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Sheepdog's Paracord
    

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All Things Paracord

What is paracord and what is it good for you ask?

Paracord History and Uses:


Paracord is a lightweight, nylon kernmantle rope originally used in the suspension lines of U.S. parachutes during World War II. In the field, paratroopers found it useful for many other tasks as well. Today, it is used as a general purpose utility cord by both military personnel and civilians. The versatile cord was even used by astronauts during the second space shuttle mission to repair the Hubble Space Telescope.

The braided sheath has a high number of interwoven strands for its size, giving it a relatively smooth texture. The all-nylon construction makes paracord fairly elastic; depending on the application this can be either an asset or a liability.


Survival bracelets made a splash a few years ago—even now they are seeing a resurgence in popularity—when in reality they were a fad for most rather than a serious attempt at being prepared. For the rest, it opened their eyes to the possibilities of this little 4mm workhorse. Crafters picked it up, too, spawning an entirely new segment of the industry.



While the U.S. military has no overall diameter requirements in its specifications, in the field 550 cord typically measures 5⁄32 inch (4 mm) in diameter.

7-Strand Inner Core

Here are some very helpful uses of paracord:



Building Shelter:  If you open up your paracord and pull back the sheath, 7 removable inner strands are revealed. Not only can you use paracord to help tie together a pancho, tarp, but the 7 inner strands can also be helpful for tying together branches or other debris for shelter.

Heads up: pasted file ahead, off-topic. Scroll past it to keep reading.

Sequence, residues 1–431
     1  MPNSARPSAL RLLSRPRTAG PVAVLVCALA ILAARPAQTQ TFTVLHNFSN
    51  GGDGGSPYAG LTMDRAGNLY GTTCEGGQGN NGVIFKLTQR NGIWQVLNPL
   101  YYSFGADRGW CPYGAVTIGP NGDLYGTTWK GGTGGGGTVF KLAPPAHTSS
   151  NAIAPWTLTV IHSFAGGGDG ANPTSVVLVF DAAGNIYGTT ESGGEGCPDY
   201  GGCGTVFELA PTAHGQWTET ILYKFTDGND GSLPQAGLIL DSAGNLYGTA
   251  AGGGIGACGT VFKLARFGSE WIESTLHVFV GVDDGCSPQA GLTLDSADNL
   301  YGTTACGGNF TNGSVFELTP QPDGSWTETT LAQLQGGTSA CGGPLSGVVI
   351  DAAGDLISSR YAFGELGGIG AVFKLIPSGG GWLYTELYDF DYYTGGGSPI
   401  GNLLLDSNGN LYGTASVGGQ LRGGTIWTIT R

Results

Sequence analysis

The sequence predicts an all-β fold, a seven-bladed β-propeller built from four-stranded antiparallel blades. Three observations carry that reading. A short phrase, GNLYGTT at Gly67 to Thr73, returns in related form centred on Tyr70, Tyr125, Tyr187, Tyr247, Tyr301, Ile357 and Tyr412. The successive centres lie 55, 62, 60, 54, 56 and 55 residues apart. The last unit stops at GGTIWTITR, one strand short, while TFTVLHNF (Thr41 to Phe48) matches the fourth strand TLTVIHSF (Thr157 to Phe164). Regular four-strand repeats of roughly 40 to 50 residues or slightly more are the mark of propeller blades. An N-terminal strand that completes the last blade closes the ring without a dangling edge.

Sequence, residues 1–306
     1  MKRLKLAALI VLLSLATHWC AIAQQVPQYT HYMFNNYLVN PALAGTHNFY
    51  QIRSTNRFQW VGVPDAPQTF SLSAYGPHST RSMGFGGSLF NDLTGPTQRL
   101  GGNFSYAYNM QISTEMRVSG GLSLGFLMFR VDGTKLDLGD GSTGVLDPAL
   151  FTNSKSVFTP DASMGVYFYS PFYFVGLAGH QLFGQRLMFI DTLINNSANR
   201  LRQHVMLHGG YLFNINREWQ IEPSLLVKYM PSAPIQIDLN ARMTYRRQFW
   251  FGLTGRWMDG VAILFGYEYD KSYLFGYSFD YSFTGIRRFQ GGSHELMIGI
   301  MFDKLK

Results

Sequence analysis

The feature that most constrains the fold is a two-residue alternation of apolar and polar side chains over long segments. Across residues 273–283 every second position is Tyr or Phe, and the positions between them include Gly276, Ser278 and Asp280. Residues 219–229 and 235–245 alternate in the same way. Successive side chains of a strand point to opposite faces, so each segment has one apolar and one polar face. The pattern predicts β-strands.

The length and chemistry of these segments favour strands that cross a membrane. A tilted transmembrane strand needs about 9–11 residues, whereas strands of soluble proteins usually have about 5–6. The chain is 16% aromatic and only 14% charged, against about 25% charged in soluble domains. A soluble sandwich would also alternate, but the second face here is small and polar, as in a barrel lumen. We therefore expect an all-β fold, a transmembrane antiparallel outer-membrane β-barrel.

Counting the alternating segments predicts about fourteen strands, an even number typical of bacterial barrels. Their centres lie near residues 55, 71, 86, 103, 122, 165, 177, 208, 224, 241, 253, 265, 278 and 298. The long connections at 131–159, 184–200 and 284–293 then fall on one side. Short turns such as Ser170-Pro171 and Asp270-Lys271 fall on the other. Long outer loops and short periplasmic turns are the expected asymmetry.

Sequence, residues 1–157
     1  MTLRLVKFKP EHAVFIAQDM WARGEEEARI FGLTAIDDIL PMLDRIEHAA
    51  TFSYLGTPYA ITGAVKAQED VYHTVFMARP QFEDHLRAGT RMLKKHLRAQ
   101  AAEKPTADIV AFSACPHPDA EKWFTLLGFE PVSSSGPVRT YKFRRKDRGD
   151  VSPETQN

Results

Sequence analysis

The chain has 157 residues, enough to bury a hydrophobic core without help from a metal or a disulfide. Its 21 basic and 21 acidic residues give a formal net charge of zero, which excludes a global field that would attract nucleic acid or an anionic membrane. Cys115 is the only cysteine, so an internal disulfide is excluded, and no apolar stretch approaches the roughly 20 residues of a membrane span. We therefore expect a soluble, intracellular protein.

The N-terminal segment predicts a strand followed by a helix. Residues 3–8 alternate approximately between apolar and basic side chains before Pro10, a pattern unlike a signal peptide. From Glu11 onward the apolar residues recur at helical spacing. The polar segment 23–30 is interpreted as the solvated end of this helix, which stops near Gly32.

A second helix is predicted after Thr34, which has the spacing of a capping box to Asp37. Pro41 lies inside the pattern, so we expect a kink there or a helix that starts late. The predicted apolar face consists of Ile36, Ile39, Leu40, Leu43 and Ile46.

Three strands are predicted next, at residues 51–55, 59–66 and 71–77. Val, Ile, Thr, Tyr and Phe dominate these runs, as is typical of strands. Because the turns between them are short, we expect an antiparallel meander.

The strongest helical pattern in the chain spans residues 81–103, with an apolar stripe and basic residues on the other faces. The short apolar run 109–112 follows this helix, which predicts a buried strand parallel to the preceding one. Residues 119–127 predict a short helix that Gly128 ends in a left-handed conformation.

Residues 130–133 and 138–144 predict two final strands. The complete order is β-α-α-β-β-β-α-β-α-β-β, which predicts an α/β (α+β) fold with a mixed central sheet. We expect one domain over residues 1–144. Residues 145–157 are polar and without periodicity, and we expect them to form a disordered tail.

Fishing & Trapping:  Inner strands of paracord can be used for fishing line or weaved into a net. It can also be used to create a snare or a trap for small game.


Handle Wrap: If you feel like you need a better grip on some of your survival tools, such as your knife or tomahawk, paracord is a great way to do it.


First Aid: Build a sling for a broken arm, use as an emergency tourniquet or even taking care of your regular hygiene by using the inner strands as dental floss.


Weaponry: You can use your imagination when it comes to this, a trip wire, tying paracord to stones or creating nun-chucks. There are many forms of defending yourself.


Climbing: Paracord is tested to support 550 lbs. Therefore it can be used many different ways to create a climbing tool. You can create a simple rope ladder or a climbing harness.


Fire Starting: Need to create some friction to create fire? Use paracord to make a fire bow.


Food Hanging: Keeping the food you have away from animals is a necessity! Use paracord to create a bear bag to hang food in places where animals will not be able to reach.


Pack Compression & Carry: Use paracord to create a harness or a net to carry your gear or use it to tie around your pack to compress your carry amount.


Crafts: Paracord bracelets provide another option for carrying extra paracord with you. Paracord can also be turned into boot laces, dog leashes and much more.



Water Filter
Fishing Trap Line
Fishing Line
Lashing
Lean To Shelter
Water Filter
Paracord Uses
Lashing